In this tutorial you are going to learn how to run a process in the background. You will also learn how to move a background process into the foreground, and vice versa.
When we execute a command in Linux from a shell the process it creates run in the foreground, attaching itself to our session. This means mean we will not be able to interact with our shell until the process exits.
While this may be desirable for short-lived processes, such as running a
find on your filesystem. It isn’t always desirable for longer lived processes, such as running a development web server.
Placing a Running Foreground Process into the Background
A foreground process is the a process. In order to place a foreground proces into the background, we must first put the process to sleep, and then place it in the background.
- Execute the command to run your process.
CTRL+Zto put the process into sleep.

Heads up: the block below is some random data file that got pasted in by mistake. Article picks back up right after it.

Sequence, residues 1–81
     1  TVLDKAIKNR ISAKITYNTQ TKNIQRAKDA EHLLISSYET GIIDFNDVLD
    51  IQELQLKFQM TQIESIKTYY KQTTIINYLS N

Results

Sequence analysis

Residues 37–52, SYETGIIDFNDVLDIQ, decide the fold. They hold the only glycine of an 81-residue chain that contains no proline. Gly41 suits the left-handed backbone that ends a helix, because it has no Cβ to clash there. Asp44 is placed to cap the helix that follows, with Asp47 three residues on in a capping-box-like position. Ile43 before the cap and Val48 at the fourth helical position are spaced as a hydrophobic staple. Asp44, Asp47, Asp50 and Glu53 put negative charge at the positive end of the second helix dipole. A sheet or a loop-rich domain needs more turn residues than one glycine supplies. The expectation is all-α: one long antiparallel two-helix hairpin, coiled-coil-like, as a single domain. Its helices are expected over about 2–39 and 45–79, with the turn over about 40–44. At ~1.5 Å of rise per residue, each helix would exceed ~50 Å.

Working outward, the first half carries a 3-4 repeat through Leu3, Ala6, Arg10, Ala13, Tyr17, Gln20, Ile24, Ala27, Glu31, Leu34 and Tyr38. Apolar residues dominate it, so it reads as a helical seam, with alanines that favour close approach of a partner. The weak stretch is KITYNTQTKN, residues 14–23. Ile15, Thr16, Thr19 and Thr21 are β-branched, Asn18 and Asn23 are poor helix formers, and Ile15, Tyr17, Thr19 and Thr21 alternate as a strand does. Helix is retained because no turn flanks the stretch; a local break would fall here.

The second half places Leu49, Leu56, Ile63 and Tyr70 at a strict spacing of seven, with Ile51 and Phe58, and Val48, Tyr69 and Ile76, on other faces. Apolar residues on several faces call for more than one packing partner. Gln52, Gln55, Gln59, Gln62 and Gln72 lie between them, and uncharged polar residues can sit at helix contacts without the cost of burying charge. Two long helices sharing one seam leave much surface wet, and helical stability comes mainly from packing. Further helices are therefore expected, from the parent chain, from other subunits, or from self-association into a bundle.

- Run the
bgcommand to wake the process and run it in the backround.
Placing a Running Background Process into the Foreground
A background process can be return to the foreground if needed. We use the
fg command to achieve this.
fg command on its own, without a process ID, will force your last execute process from your session into the foreground.
To foreground a specific process you should include the process ID.
Starting a Process in the Background
Finally, a process created by executing a command from the command-line can be forced to start in the background. To so we append an ampersign (&) at the end of our command. This instructs the shell, such as Bash, to start the process in the background.
find / -type f -name="*.txt" &
You will be given the Job ID of the process and return to an interactive shell.